My cousin, my mom

There’s something special about Saroja, my eldest cousin, and her husband, who was reverently known as Prof BVK. Saroja was, doubtless, the most caring, intelligent and charming lady that I knew right through my childhood, more so when I stayed with them during my under-grad years.

The fact is — I was truly in awe with her hubby, the distinguished engineer, educationist, principal, dean and walking encyclopaedia on a host of subjects, who was also my mentor like no other. This was, perhaps, the best time of my pedagogic life.

The best part: Saroja was more like a mom to me than first cousin. She took care of almost everything as she did for her own three bright, also brilliant, sons. It touched me greatly when someone asked the genial professor, years later, about his children, and he responded pronto by including me as part of the family — a son, no less.

My stay with them was indubitably a delightful learning experience—what with academicians, artistes, musicians and others visiting the professor on a regular basis. Their conversations were free-flowing, animated, interesting, also inspiring, and sometimes challenging, or argumentative.

Yet, in the midst of divergence, there would be no trace of anyone throwing dignity to the wind. When there was a lull on certain select days, I would have the privilege of being the only audience for the professor, ever so willingly listening to him on topics that were always riveting — be it science, philosophy, the mind-body construct, hypnosis, and the mysterious, viz., past life and existence beyond nothingness. It was akin to spur-of-the-moment, impromptu, expansive sessions — encompassing of a smorgasbord of information and knowledge, tapped, plotted and absorbed in one’s mindful compass, or radar. It set up the whole progression of my extended education — enriching my yearning for reading and writing in the literal sense.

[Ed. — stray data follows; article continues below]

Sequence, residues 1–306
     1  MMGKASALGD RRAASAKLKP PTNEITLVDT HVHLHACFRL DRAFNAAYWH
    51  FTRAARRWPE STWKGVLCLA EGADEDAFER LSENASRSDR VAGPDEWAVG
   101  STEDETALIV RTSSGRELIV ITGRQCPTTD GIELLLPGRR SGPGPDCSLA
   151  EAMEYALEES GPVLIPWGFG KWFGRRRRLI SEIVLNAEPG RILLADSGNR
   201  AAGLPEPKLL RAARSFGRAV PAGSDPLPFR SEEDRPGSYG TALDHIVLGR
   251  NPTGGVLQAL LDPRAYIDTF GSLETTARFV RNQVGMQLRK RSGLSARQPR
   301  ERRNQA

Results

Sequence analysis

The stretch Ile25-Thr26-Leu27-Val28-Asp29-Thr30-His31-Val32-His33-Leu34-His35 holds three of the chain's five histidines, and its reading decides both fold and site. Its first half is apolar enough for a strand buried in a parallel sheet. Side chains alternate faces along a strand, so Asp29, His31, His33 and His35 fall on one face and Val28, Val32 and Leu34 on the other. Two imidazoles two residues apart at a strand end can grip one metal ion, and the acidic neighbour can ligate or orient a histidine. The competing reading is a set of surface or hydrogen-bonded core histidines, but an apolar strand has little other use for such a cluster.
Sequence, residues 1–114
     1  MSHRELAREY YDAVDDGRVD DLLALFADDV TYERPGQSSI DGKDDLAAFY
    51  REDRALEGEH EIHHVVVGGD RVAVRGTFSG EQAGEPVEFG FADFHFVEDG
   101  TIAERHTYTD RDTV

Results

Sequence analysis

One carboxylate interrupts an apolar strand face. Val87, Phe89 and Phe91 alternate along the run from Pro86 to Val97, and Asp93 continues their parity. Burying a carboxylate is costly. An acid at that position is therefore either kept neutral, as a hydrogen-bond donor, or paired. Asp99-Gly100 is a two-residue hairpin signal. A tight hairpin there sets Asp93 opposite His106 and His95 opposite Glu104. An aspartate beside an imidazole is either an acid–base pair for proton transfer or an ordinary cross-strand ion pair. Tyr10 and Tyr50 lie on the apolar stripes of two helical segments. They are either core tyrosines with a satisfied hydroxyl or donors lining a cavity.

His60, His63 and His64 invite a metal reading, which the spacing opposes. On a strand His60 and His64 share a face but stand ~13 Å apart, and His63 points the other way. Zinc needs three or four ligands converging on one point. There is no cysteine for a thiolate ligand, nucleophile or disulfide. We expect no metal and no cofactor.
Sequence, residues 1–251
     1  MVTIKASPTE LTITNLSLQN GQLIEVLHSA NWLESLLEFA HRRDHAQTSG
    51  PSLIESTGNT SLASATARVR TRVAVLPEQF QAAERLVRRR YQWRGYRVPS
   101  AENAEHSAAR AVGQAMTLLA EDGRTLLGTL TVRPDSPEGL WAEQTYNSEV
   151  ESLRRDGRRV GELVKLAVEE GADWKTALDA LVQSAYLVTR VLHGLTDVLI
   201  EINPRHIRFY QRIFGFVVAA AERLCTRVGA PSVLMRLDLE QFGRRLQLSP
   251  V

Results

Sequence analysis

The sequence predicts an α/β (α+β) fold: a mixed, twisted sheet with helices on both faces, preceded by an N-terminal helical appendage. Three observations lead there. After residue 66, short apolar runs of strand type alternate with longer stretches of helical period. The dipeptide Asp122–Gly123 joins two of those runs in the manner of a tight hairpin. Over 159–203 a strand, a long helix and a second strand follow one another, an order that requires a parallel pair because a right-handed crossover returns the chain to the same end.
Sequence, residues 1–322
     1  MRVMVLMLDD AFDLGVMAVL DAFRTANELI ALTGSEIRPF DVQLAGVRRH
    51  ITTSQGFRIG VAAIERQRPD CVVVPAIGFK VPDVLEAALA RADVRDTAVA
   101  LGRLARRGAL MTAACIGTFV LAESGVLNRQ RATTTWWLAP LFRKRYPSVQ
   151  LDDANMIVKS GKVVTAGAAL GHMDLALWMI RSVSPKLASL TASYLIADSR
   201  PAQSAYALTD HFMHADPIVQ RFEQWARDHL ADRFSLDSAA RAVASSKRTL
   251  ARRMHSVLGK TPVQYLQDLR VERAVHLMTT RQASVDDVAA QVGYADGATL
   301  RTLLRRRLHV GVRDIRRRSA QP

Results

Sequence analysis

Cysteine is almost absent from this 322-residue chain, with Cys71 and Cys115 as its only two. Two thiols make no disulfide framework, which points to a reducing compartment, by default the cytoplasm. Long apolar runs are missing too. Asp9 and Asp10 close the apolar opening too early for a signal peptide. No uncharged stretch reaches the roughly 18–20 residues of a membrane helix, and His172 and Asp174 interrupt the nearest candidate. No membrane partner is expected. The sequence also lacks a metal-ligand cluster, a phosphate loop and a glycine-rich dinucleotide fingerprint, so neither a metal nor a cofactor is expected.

For a shy, self-effacing lad, during school and college days, staying with them was just like residing with my own parents and home. The times were different, yes — but, what set them apart was their unpretentious, yet sophisticated metier of refined expression and surplus empathy. When my cousin and her hubby would go out of town, or abroad, they would make sure that I had no difficulty whatsoever — be it food, other expenses or anything else.

This wasn’t all. There was a plethora of fascinating lessons I ‘swotted’ for life — without being peremptorily ‘coached’ — while living with them.

I feel blessed today for their profound, summative quintessence nourishing the syntax of my soul with meaningful intent.